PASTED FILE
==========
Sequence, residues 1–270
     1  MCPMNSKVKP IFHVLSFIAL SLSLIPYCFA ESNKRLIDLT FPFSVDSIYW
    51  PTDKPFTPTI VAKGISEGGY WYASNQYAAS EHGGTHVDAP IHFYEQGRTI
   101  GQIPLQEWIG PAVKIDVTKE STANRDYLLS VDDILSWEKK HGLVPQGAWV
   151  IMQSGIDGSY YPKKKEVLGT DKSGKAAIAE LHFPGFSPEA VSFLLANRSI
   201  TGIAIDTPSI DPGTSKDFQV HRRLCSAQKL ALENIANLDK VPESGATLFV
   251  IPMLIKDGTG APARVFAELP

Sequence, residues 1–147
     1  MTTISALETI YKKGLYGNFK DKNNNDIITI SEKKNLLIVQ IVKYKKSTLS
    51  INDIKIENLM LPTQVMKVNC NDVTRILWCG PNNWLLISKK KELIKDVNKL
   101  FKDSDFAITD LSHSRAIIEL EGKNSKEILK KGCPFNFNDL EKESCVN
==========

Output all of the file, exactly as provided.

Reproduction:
Sequence, residues 1–270
     1  MCPMNSKVKP IFHVLSFIAL SLSLIPYCFA ESNKRLIDLT FPFSVDSIYW
    51  PTDKPFTPTI VAKGISEGGY WYASNQYAAS EHGGTHVDAP IHFYEQGRTI
   101  GQIPLQEWIG PAVKIDVTKE STANRDYLLS VDDILSWEKK HGLVPQGAWV
   151  IMQSGIDGSY YPKKKEVLGT DKSGKAAIAE LHFPGFSPEA VSFLLANRSI
   201  TGIAIDTPSI DPGTSKDFQV HRRLCSAQKL ALENIANLDK VPESGATLFV
   251  IPMLIKDGTG APARVFAELP

Sequence, residues 1–147
     1  MTTISALETI YKKGLYGNFK DKNNNDIITI SEKKNLLIVQ IVKYKKSTLS
    51  INDIKIENLM LPTQVMKVNC NDVTRILWCG PNNWLLISKK KELIKDVNKL
   101  FKDSDFAITD LSHSRAIIEL EGKNSKEILK KGCPFNFNDL EKESCVN